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Co-Occurring Disorders and Homelessness

Financing Options for Co-Occurring Services When Individuals are Homeless

Over the years, SAMHSA has provided a variety of grant opportunities focused on providing mental health and substance abuse services for people who are homeless. Recent examples of discretionary grants include:

  • Development of Comprehensive Drug/Alcohol and Mental Health Treatment Systems for Persons Who Are Homeless (Short Title: 'Treatment for Homeless Persons' or 'Grants to Benefit Homeless Individuals'/'GBHI')
  • Services in Supportive Housing grants
  • Collaborative Agreements to Benefit Homeless Individuals (CABHI)

Resources to assist organizations applying for SAMHSA grants are online at http://www.samhsa.gov/Grants/apply.aspx.

Two programs funded through the federal Health Resources and Services Administration (HRSA) can be used to provide integrated services for individuals without health insurance or other means to pay:

  • Health Care for the Homeless
  • Community Health Centers

Health Care for the Homeless (HCH)

HCH emphasizes a multi-disciplinary approach to delivering care to homeless persons, combining street outreach with integrated systems of primary care, mental health and substance abuse services, case management, and advocacy. HCH recognize the complex needs of individuals experiencing homelessness and strive to provide a coordinated, comprehensive approach to the care they provide. The vast majority of individuals served by the HCH Program are uninsured.

Community Health Centers (CHCs)

CHCs, also known as Federally Qualified Health Centers, are local, non-profit, community-owned health care centers serving low-income and medically-underserved communities. CHCs provide primary care and preventive services, and often provide mental health and substance abuse services as well as other services such as on-site dental and pharmaceutical. CHCs tailor their services to fit the special needs and priorities of their communities, and provide services in a linguistically- and culturally-appropriate setting.

Another federal funding stream that can be used to finance mental health services is Projects for Assistance in Transition from Homelessness.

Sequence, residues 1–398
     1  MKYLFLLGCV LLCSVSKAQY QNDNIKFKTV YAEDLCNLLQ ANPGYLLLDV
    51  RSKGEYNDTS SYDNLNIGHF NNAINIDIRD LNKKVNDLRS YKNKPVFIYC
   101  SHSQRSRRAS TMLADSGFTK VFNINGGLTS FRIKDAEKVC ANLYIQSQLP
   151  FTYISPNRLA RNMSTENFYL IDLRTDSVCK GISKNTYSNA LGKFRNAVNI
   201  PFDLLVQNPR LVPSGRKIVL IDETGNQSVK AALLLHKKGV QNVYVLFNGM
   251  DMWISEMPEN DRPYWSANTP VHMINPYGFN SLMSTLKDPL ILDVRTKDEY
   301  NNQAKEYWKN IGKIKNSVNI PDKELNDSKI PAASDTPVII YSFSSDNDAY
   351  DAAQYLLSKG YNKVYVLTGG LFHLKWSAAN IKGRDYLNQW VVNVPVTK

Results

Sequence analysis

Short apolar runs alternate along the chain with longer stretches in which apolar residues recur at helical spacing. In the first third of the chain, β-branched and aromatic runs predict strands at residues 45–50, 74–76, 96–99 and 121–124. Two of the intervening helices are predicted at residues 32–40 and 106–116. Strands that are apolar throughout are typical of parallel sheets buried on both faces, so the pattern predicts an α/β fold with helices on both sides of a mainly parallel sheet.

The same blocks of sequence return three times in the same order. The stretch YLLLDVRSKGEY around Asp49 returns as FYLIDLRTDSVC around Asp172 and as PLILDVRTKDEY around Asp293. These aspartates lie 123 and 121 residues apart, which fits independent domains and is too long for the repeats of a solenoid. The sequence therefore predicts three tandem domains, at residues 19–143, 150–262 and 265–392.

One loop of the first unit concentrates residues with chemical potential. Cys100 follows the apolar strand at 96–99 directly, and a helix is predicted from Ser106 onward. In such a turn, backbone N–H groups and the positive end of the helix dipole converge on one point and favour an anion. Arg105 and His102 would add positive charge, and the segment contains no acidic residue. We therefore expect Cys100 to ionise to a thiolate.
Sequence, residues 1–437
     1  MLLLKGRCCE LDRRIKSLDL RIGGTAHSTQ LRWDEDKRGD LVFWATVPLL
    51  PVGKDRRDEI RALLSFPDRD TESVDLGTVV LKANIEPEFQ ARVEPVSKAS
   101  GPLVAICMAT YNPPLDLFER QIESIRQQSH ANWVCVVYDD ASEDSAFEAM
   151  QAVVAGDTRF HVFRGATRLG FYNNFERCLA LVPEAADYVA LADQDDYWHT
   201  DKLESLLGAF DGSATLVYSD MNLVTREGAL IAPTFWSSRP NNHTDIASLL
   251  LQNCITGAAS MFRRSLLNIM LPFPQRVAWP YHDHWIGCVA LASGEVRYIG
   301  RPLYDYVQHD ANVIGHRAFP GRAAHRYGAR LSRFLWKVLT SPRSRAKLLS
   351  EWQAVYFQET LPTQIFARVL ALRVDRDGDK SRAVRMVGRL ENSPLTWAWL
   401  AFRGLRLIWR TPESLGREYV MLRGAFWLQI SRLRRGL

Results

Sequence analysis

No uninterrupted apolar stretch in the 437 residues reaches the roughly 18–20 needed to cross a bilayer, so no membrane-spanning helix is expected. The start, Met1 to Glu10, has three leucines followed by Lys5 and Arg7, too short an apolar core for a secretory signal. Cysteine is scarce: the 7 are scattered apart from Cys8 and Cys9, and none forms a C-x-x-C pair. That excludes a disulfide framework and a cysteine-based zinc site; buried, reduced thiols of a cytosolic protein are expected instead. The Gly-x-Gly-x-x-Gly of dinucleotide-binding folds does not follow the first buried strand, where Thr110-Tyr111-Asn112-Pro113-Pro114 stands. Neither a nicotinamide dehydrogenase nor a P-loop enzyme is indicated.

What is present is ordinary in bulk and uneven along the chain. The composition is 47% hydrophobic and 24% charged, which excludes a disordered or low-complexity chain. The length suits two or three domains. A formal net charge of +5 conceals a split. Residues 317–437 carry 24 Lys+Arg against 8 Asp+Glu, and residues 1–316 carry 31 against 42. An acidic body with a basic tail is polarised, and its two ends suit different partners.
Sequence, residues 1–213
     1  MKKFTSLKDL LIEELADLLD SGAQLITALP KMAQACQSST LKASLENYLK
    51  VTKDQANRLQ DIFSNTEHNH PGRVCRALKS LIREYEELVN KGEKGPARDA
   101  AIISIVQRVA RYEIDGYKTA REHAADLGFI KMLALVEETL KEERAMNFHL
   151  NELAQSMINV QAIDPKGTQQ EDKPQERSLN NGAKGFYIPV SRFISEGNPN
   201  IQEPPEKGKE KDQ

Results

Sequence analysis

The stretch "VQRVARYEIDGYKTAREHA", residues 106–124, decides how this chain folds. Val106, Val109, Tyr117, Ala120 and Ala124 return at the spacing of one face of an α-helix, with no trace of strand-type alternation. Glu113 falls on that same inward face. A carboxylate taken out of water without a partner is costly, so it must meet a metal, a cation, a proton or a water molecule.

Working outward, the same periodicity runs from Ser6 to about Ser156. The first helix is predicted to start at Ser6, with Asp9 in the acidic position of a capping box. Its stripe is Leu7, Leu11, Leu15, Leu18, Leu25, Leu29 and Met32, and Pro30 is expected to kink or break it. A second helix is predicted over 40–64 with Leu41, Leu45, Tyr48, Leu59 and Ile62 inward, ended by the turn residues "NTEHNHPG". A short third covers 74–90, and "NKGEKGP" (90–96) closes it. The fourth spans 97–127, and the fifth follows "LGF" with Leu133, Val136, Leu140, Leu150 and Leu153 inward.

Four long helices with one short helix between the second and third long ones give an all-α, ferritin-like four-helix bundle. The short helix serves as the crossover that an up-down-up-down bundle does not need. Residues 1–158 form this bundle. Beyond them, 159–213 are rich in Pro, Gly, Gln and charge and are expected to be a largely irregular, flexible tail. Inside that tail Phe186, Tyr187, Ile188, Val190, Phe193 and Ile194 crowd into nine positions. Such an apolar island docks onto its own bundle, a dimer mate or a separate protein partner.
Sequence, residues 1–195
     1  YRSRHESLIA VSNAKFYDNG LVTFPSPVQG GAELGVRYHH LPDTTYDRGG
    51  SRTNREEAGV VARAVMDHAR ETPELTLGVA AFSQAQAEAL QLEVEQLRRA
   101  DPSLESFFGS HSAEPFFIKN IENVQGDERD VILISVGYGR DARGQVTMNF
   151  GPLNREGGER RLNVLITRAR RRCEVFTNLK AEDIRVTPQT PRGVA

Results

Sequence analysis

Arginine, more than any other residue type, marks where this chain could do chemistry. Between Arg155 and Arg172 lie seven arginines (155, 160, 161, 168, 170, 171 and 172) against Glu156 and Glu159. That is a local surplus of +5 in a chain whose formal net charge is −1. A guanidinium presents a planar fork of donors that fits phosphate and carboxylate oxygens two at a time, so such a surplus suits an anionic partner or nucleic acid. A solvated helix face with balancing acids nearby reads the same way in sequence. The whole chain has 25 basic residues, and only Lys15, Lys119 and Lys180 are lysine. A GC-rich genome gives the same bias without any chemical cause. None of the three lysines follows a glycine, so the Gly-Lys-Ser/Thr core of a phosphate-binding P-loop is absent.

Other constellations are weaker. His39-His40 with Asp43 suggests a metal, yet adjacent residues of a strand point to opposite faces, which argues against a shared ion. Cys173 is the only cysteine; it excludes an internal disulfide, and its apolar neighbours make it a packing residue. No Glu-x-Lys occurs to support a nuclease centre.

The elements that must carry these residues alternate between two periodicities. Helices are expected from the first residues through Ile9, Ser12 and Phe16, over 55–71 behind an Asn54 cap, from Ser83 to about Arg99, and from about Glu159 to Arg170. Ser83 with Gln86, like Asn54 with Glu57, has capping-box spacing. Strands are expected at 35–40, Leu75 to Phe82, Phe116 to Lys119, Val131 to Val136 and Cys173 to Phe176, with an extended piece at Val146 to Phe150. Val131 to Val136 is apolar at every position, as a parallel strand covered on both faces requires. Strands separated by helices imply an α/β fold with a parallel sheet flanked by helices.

Projects for Assistance in Transition from Homelessness (PATH)

PATH services are for people with serious mental illness, including those with co-occurring substance use disorders who are at-risk of or experiencing homelessness. PATH services include outreach, mental health, substance abuse, case management and other support services, as well as a limited set of housing services.

Medicaid

While individuals with co-occurring disorders experiencing homelessness may be eligible for Medicaid coverage, relatively few are enrolled. Barriers to enrolling and renewing Medicaid coverage include lack of documentation, cost-sharing and premiums, and system barriers such as lengthy and complex enrollment procedures and lack of accommodation for individuals with educational or functional limitations. Physicians, psychologists, and other medical professionals can help individuals access SSI/SSDI benefits and qualify for Medicaid by providing medical evidence of substance use and mental health impairments. Learn more.


Resources and Links

  • Under health reform, uninsured people with comorbid mental and medical conditions will move into the formal health system, particularly Medicaid. This RWJF report examines the rate of comorbidity between medical and mental conditions and why it is so common; the associated mortality, quality of care, and cost burdens of comorbidity; and the current evidence-based approaches for addressing comorbidity.

  • Information and perspectives on Medicaid under the Affordable Care Act. This issue brief focuses on 1) eligibility for previously uncovered adults, 2) community-based services to expand access and reshape service delivery, and 3) streamlining entry and enrollment. There is potential for the ACA to expand Medicaid benefits at the State level for mental and behavioral health treatment, psychosocial supports, and case management, thus benefiting individuals at risk of and experiencing homelessness.